FIG. 3 is a transverse section taken substantially along lines 3--3 of FIG. 1 illustrating the front end guiding mechanism of the picking head mounting mechanism, certain parts of the picking heads being omitted.
FIG. 4 is an enlarged longitudinal elevation of a portion of one of the picking heads and severing mechanisms with the picking head illustrated in solid lines in one operative position and in dotted lines in another operative position.
FIG. 5 is a perspective illustrating one of the yokes of a picking head mounting mechanism for mounting the rear end of one of the picking heads for pivotal movement about vertical and horizontal axes, the severing mechanism being omitted from this view.
FIG. 6 is a perspective similar to FIG. 5 but illustrating the structure for mounting and driving one end of the roller topping bar type severing mechanism, the picking head mounting mechanism being omitted.
FIG. 7 is a transverse section taken along lines 7--7 of FIG. 1 illustrating the plow that is associated with the adjustable picking head, said head being omitted and certain parts of the plows being cut away.
FIG. 8 is a section taken along lines 8--8 of FIG. 7.
FIG. 9 is a perspective illustrating the vine guards and cooperating platforms for laying the plant foliage over so that it will be discharged separately from the roots of the plants.
FIG. 10 is a diagrammatic operational view illustrating the preferred sequence of harvesting rows of plants in typical two-row vegetable beds, typical bed spacing and row spacing being given.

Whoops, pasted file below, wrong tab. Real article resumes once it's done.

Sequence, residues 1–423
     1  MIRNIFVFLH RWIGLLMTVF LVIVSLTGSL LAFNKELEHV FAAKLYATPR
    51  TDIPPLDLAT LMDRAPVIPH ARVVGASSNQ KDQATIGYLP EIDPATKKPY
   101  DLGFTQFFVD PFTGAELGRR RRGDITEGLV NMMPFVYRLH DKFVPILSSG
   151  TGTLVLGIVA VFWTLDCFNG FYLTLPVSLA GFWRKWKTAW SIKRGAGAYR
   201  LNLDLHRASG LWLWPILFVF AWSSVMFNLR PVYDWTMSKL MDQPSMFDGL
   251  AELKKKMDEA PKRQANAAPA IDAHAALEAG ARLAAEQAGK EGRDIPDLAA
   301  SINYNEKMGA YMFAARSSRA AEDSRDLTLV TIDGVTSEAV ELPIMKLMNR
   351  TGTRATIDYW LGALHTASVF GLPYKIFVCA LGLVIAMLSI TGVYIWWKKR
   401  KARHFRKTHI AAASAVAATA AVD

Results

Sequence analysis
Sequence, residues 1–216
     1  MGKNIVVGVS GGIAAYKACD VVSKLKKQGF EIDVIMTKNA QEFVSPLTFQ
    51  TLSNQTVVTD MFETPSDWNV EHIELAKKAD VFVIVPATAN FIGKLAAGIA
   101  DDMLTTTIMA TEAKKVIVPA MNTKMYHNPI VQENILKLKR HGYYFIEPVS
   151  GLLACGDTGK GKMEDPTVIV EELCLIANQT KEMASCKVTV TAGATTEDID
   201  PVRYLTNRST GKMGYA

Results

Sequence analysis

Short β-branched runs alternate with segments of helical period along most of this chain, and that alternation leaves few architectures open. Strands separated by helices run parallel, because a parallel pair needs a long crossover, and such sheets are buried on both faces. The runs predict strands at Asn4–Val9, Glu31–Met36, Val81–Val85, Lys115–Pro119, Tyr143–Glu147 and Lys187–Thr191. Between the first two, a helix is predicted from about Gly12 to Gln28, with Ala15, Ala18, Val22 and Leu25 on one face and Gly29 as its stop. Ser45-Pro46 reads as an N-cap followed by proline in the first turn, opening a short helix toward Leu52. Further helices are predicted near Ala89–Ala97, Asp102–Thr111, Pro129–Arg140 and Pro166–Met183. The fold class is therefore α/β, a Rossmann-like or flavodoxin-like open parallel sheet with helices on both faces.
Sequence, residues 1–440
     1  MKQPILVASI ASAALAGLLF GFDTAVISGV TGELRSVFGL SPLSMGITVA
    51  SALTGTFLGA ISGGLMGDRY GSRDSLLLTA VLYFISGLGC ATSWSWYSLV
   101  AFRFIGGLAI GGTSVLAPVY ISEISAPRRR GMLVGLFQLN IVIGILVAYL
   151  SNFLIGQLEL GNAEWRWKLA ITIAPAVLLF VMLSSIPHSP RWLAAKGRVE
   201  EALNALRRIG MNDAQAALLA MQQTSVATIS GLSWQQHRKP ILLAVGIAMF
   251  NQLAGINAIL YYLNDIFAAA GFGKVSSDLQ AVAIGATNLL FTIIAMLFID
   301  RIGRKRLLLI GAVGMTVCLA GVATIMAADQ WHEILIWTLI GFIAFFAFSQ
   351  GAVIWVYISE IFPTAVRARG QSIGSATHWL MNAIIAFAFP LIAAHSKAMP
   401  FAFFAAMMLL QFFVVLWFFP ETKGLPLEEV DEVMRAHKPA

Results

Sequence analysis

FIG. 11 is a diagrammatic operational view illustrating the harvester operating in typical single row bed plantings.
The row crop harvester 10 (FIGS. 1 and 2) of the present invention is illustrated in its preferred form as a two-row root crop harvester for harvesting vegetables such as carrots, beets, turnips, parsnips, and rutabagas. It will be understood, however, that the unique picking head mounting mechanism 12, which constitutes an important feature of the invention and which is provided in order to accurately guide the two picking heads 14 and 16 along two rows of plants that vary in spacing from each other, can be used with other types of two-row harvesters such as corn or cotton harvesters.
In general, the harvester 10 preferably is a self propelled mobile vehicle 17 and comprises a chassis 18, mounted on two steerable front wheels 20,20a and two rear wheels 21,21a each of which is driven during the harvesting operation by a hydraulic motor 22 (FIG. 2) that receives hydraulic fluid from a pump 24 driven by an engine 26. The two front wheels 20,20a are steered by an operator by means of a steering wheel 28 at an operator's station 29 located between the picking head 14 and the left front wheel 20a. The hydrostatic drive for the wheels 20,20a, 21,21a is fully disclosed in our aforementioned copending application, the subject matter of which is incorporated by reference herein.